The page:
By Sarah Johnson
The nation just celebrated the 50th anniversary of the March on Washington, when Martin Luther King Jr. (MLK), addressed more than 250,000 gathered at the foot of the Lincoln Memorial and called for an end to racial discrimination. Atlanta provides the backdrop of this historic moment with an offering of cultural landmarks, food and festivals.
In fact, more than 150,000 people are expected to arrive on Atlanta’s most historic street in the Sweet Auburn Historic District Oct. 5-6 to celebrate the Sweet Auburn Heritage Festival. In addition, next May, the largest free outdoor festival in the Southeast – Sweet Auburn Springfest – will celebrate its 30th anniversary. These festivals celebrate an area dubbed "Sweet Auburn" by early civil rights leader John Wesley Dobbs because of the opportunities it afforded African-Americans, even under strict segregation laws.
Today, the community is the center of Atlanta’s African-American history, housing a curb market, bakeries, businesses and nightclubs near the 22-acre Martin Luther King Jr. National Historic Site. This free attraction, run by the National Park Service, includes: year-round tours of MLK’s birth home; the church where three generations of the King family preached; MLK and wife, Coretta Scott King’s, final resting places; the International Civil Rights Walk of Fame; and the MLK Visitor Center exhibiting civil rights memorabilia.
I have visited this historic street many times, starting back in 2007 when I worked as a public relations specialist for the Atlanta Convention & Visitors Bureau and hosted travel writers on tours throughout the area. From restaurants and museums to church services and GPS-guided tours, I enjoy exploring the area’s cultural offerings. Everything except for the tours of the birth home, pictured below, is self-guided and the attractions are very walkable and wheelchair friendly. You will find all ages and races at the park.
Drive down the road and park for free on John Wesley Dobbs Avenue between Jackson Street and Boulevard to spend a few hours exploring the MLK National Historic Site. The park is open daily from 9 a.m.-5 p.m., and 30-minute tours of MLK’s birth home begin at 10 a.m. and end at 4:30 p.m. Tours fill up quickly, and it is advised that visitors arrive early in the day. Tickets for the birth home tour are free and are available at the information desk located inside Freedom Hall at the King Center. Reservations must be made in person the day of the tour.
The exhibition currently featured in the D.R.E.A.M. Gallery at the National Park Service Visitor Center is "MINE EYES HAVE SEEN." This exhibition features photographs that capture the struggle of the 20th century civil rights movement and the delivery of MLK’s historic "I Have a Dream" speech.
Bob Adelman used his love of photography to record this historic moment through the lens of his camera to present the civil rights movement as a human rights story. This exhibit includes photographs, a replica of the Lincoln Memorial and the reflecting pool.
Here is a sample tour of Sweet Auburn District, which includes visiting MLK’s birth home, standing in the footsteps of the nation’s civil rights leaders at the International Civil Rights Walk of Fame and downloading a 45-minute podcast walking tour narrated by former U.S. Ambassador to the United Nations Andrew Young. Also a must is visiting the APEX Museum, pictured below, to hear stories of early African-American pioneers in Atlanta and of Auburn Avenue. You will also learn about the powerful black families that helped transform Atlanta.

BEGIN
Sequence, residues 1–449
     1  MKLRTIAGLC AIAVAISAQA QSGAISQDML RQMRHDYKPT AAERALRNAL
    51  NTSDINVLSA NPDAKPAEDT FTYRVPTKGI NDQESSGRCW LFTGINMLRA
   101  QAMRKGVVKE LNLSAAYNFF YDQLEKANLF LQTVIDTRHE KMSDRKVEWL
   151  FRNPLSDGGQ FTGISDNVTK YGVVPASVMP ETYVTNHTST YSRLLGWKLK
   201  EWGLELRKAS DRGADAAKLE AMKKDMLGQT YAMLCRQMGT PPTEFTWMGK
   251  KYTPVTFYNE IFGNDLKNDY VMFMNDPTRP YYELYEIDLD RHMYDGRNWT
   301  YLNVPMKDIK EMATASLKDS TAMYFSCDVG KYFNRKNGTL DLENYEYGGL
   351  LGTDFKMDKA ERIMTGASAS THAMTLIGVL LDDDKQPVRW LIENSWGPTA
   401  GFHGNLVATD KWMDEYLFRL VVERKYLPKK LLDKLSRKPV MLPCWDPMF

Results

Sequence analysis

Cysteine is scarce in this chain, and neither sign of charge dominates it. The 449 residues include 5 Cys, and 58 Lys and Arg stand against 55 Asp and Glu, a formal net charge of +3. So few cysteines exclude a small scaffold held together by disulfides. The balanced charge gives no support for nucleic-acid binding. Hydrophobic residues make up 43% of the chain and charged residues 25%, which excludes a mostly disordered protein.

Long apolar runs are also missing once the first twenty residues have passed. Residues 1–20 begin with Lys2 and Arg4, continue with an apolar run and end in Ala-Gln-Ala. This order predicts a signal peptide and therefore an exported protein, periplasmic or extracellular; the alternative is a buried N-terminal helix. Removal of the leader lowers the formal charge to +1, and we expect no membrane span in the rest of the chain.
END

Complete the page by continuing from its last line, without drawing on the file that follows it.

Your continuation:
In addition to the above, I recommend stopping by Sweet Auburn Bread first thing in the morning for some of Chef Sonya’s banana, pineapple and coconut-filled naked hummingbird muffins and salmon croquettes topped with homemade fig preserves. My parents always insist I bag up some muffins to bring home for them since they are so amazing! You may also be tempted to take home some chocolate bourbon pecan pie or the sweet potato cheesecake, which is a favorite of President William Clinton.
For lunch, try the Sweet Auburn Curb Market, which first opened in 1918, and later in 1924 when the building was constructed. The historic market still stands in the original location. Originally known as the Municipal Market, it has operated under the name Sweet Auburn Curb Market for the past 20 years. From burritos and soul food to New Orleans pralines to Caribbean-style treats, you will find a wide variety of food vendors at this urban farmers’ market.
If you visit on a Sunday, sing, clap and take in the soul-shaking gospel choir at Ebenezer Baptist Church for an inspiring, unforgettable service. Worship services are at 8 a.m. and 11 a.m. on Sundays in Horizon Sanctuary.
In 2008, I attended a worship service commemorating the 40th anniversary of MLK’s death with special guests including the Rev. Jesse Jackson. I purchased a DVD of the service as a little souvenir of my memorable experience. All sermon messages are available on DVD immediately after worship in the Bell Tower outside of Horizon Sanctuary. (If you do visit the park on a Sunday, please note that Sweet Auburn Bread and Sweet Auburn Curb Market are closed.)
Atlanta is steeped in history, and visiting Sweet Auburn District is the perfect location to soak in a large chunk of it.
Sarah Johnson, APR, is a guest blogger for Atlanta Convention & Visitors Bureau (ACVB). She is a communications consultant whose prior roles included working as an internal communications strategist for WellStar Health System and a public relations specialist for ACVB. She resides in Cumming with her husband and their year-old son.